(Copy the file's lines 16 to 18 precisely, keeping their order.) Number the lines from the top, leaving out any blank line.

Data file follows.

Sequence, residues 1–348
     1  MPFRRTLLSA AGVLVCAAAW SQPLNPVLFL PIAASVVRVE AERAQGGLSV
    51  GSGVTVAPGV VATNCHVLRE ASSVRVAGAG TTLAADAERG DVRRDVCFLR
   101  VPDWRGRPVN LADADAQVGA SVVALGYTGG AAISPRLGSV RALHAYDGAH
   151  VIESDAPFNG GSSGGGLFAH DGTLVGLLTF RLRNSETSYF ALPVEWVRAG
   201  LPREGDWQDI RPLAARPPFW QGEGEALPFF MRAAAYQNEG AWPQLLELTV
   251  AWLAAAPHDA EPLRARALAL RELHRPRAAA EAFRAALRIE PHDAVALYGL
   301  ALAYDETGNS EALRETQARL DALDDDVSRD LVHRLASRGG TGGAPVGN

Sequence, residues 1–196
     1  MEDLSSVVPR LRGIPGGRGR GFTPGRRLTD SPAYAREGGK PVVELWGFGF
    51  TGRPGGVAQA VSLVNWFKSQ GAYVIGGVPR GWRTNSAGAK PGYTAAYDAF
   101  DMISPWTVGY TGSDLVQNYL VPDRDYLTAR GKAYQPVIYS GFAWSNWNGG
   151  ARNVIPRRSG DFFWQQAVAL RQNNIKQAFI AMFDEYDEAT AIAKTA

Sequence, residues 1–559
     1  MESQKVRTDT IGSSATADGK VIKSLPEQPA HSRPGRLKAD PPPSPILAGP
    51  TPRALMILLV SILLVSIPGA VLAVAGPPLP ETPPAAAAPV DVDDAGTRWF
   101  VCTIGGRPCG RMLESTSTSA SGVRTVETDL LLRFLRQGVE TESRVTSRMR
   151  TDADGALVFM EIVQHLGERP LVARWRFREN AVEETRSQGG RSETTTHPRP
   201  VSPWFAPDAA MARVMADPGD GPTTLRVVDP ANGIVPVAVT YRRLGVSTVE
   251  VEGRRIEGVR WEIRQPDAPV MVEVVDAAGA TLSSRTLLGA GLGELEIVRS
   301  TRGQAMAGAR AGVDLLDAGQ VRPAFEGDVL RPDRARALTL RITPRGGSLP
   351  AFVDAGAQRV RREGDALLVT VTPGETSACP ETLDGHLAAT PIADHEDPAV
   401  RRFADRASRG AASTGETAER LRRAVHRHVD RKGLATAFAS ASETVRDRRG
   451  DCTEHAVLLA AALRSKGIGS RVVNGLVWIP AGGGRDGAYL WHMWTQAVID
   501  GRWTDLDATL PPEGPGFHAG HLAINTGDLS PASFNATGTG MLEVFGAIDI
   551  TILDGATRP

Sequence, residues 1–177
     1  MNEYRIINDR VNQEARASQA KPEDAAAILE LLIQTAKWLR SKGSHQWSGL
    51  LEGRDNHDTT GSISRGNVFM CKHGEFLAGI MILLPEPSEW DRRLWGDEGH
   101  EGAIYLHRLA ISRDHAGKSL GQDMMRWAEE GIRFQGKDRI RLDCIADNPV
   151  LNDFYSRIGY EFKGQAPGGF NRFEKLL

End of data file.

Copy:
    51  TPRALMILLV SILLVSIPGA VLAVAGPPLP ETPPAAAAPV DVDDAGTRWF
   101  VCTIGGRPCG RMLESTSTSA SGVRTVETDL LLRFLRQGVE TESRVTSRMR
   151  TDADGALVFM EIVQHLGERP LVARWRFREN AVEETRSQGG RSETTTHPRP